Hagel caught in Obama spin machine

Austin Bay:
President Barack Obama has fired Secretary of Defense Chuck Hagel. The Beltway clerks and pundits tell us Hagel is a political scapegoat, a sacrifice to Obama's electoral drubbing.

This explanation may be accurate, at least in part. Removing a senior cabinet member is an inherently dramatic gesture. It can signal the president's intent to rectify a problem or to promote new thinking.

Rectifying and promoting, however, require follow-through, deeds to achieve results. Without follow-through, the gesture is little more than media theatrics.

After six years, the public is painfully aware that made-for-media drama, especially personalizing drama, is the sine qua non of Obama administration political operations.

Mentioning the Benghazi consular attack of Sept. 11, 2012, incites argument. However, the Obama administration's immediate political operational response to Benghazi provides an instructive example of "personalizing drama" and blame as an operational scheme.

Everyone now concedes that a terrorist militia planned to attack the U.S. consulate. Ansar al-Sharia conducted a planned act of war. However, in the wake of Benghazi, the Obama administration introduced a scapegoat: Nakoula Basseley Nakoula. Nakoula was a crank from California who had directed an anti-Muslim Internet video. For weeks the Obama administration focused blame on Nakoula. There was no security breakdown in Benghazi. There wasn't a planned terrorist attack. Nakoula's video had insulted Islam and inflamed passions. A riot ensued. It was our fault ... somehow.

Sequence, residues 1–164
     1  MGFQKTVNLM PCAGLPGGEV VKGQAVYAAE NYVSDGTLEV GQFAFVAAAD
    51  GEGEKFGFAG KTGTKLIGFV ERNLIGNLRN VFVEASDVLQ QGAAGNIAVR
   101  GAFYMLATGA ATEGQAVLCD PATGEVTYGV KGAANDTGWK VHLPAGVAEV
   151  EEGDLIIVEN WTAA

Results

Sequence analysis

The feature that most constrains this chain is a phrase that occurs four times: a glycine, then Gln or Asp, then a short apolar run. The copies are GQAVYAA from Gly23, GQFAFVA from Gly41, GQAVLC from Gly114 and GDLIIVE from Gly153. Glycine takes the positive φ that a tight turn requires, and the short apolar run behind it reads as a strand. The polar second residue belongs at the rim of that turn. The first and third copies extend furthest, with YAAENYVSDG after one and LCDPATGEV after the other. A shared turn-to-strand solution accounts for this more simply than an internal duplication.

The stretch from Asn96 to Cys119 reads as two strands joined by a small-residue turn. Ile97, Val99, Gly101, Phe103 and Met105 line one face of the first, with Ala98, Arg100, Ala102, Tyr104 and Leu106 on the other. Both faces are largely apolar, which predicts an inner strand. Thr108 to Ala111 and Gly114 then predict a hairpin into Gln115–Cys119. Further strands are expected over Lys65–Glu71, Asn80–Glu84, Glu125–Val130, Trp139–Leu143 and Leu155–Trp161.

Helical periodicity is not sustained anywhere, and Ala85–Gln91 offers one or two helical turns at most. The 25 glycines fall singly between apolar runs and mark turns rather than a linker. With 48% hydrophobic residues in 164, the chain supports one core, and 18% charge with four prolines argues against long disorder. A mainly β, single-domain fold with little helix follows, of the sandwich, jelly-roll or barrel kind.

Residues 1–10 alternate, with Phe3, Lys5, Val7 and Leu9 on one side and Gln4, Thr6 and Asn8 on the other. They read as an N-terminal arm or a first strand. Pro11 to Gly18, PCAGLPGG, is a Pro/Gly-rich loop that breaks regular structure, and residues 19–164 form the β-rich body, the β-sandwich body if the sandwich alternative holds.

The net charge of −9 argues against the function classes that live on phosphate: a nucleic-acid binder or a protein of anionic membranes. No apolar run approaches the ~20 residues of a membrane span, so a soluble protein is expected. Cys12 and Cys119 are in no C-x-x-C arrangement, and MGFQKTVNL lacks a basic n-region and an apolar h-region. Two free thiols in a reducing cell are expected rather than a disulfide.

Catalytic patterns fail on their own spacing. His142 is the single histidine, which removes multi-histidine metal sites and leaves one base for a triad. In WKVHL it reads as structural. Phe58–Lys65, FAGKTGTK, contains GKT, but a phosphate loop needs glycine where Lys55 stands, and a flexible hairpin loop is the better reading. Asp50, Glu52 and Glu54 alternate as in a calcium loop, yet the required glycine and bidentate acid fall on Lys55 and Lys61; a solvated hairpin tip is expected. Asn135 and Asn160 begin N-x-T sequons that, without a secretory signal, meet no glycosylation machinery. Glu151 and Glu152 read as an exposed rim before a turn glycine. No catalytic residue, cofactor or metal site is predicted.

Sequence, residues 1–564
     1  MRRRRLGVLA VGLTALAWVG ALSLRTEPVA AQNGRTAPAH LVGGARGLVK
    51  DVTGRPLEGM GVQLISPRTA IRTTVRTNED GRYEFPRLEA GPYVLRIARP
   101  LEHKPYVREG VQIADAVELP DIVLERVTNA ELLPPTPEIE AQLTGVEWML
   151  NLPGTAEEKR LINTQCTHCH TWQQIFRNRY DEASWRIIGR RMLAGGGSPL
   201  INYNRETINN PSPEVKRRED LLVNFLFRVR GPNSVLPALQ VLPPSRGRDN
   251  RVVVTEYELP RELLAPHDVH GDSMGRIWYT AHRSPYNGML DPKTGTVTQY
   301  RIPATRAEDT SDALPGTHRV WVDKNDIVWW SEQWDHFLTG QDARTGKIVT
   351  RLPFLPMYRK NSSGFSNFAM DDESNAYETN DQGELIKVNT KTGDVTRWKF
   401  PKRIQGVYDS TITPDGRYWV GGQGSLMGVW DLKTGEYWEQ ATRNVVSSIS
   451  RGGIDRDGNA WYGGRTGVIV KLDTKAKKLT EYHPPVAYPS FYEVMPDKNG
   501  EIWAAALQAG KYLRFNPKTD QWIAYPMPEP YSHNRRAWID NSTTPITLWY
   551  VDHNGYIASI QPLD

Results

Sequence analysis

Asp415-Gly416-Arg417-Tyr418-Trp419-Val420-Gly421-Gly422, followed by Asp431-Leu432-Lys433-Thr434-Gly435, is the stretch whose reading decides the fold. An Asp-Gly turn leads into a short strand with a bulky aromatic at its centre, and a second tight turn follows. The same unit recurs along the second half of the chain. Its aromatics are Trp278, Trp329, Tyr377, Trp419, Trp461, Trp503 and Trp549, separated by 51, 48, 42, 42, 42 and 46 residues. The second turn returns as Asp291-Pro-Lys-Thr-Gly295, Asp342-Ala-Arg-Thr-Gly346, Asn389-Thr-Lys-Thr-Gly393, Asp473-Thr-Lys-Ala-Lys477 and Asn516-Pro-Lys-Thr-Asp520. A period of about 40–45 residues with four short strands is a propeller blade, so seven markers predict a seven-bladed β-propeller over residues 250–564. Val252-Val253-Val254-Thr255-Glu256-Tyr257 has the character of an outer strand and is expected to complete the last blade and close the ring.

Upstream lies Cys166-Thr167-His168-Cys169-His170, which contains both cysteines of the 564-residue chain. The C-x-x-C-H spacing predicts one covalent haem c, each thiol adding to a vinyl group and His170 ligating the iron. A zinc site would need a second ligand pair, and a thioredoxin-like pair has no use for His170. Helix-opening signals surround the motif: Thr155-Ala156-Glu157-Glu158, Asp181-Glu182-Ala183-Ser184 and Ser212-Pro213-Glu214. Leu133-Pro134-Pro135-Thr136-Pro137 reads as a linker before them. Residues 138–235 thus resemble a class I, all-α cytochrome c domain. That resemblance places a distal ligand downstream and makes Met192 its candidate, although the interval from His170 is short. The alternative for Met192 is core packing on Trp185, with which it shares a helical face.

Drama with a personal face submerged relevant national discussion over the threat posed to U.S. interests by al Qaeda-linked Islamist militias in Libya — and that was the Obama administration's goal. This and other administration-flogged blame tales obscured media discussion of the radical Islamist revival occurring in Eastern Syria. Until the 2012 presidential election was over, the attention of the American public had to be emotionally displaced from difficult international security issues that require hard decisions and follow-through implementation.
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Hagel was not as bright as Gates and Panetta in the job, but he eventual seem to get it and that is what got him in trouble because he was contradicting Obama.  However, changing the Secretary of Defense will not change the reality on the ground or the need for a more comprehensive strategy in the Middle East.

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